While dismissing the sentiment of family galore,
She reveled and loved it all..I know this for sure.
I caught her one time in Sarah’s garage
taking a break from the children barrage!
She told me she loved it..but needed a break,
Her family she cherished..just the noise she couldn’t take!!!
But love was so evident…to those who could see,
and I ‘m proud and delighted..that included me!
At Choir we reveled and couldn’t wait to hear..
What legendary comment from Ruth would we hear??
The high notes were a challenge…not hers..she made that clear!!
But the hymns..on my goodness..what opinions were voiced!
If she didn’t know them…well the words were quite choice!
Ok I can say them...and we’ll echo them forever…
“Who Picked These Damn Hymns” Oh Lordie. we’ll..remember!!!
She was a Woman of Faith and she followed us there.
Sarah and I swore she followed us everywhere!!!
But she loved the joy and we loved that she did!
And no one would blame us if we occasionally went and hid!!!!
Her Altar Guild ladies were her partners in Christ.
Ok, sometimes it was more of a gripe…
But we know she just teased us and made a great scene,
So we couldn’t see what feelings she really would mean!
To her kids one and all she gave them their due..
defined as only Roof could herself could do
But her grandchildren and the greats..she just loved the whole thing!
They are her treasures and Heaven won’t change that scene!
So be prepared for the day, it will come…
That Greatgrandma will visit you …and it will be fun!!
I knew Ruth as friend and then it became
more than just that and for that is why I came
to be daughter and friend and comfort at times,
to Mom and her daughter…a special friend of mine!
So you that knew Ruth…however it was begun,
I hope that you know what the Lord has done,
He brought you a person who you may not have seen,
But one who has gotten into your inner being
So wake up and realize what this one woman has done!
And laugh and delight in what you have won!
Her spirit, her sarcasm will fill your soul
And you’ll be a better person…that should be your goal.
To Roofie we raise our glasses on high
And we wish you a heartfelt Good Luck and Good Bye!!!
Today, I received a comment from a daughter:
Hi Dad, I have taken a long time to write to you; you
asked for GGG stories. Many of mine were pre triple g.
Mom had more sayings than Carter had liver pills, one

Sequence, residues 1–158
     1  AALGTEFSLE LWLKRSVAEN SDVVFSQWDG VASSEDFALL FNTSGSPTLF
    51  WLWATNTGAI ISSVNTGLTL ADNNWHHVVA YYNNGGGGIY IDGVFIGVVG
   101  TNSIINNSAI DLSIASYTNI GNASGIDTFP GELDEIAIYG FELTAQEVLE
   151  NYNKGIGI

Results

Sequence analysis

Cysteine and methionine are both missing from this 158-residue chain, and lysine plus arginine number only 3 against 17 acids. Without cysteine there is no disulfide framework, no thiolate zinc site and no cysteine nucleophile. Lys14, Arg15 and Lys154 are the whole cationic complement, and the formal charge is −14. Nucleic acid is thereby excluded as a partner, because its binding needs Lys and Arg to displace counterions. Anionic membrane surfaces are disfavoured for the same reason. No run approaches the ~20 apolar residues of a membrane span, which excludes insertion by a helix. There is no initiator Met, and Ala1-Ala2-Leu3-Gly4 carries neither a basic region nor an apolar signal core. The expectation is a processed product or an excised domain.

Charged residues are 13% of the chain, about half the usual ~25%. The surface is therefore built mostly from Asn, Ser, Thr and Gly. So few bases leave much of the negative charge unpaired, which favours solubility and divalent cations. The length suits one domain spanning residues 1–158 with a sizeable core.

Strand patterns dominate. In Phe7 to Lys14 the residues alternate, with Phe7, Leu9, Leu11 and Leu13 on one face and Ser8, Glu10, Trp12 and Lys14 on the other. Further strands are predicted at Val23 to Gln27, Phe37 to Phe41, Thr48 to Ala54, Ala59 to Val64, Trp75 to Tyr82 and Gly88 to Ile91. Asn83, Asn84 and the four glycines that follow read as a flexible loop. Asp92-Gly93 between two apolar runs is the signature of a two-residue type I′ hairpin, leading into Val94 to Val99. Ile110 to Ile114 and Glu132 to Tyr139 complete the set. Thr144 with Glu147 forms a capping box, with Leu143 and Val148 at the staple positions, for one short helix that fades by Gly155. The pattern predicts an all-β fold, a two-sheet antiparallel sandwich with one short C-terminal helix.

for every occasion. There was Astor's pet horse,
Jesus, Mary and Joseph, and the bane of her existence,
She taught me to sew, and patiently to make quilted
squares with batting. I remember making potholders
that she had to finish for me. When I decided to cook
"soup" that had everything, and I mean everything in
the cupboard added to it. Mom's eyes watered, the
mixture was like tear gas because I added vinegar to
it. She didn't yell much, suprisingly, but just said
don't add vinegar and wait till someone is home. She
taught me to make yeast bread, and don't forget slop!
I "cleaned the windows" with pledge, making an ungodly
mess, another saying, and she kind of gulped and said
next time, use this window cleaner.
Mom had a green thumb, though she said she didn't. One
plant lived in defiance of her and has been around for
at least 30 years, maybe closer to 40. I liked growing
plants for her, she had an appreciation for the work.
Right now you can see a lot of bulbs I planted for her
over the years. She always called me for the first
crocus of the spring. We grew vegetables when I was
little and I remember eating lettuce that we both
planted. I loved talking to her about the garden she
had when she was younger, and she enjoyed it too. We
had a great trip to Longwood Gardens together.
I will miss Mom for lots of reasons and remember her
for many more. The best thing I ever heard was her
voice after New Years Day when she could finslly talk.
We did get a wonderful gift of time, and I am thankful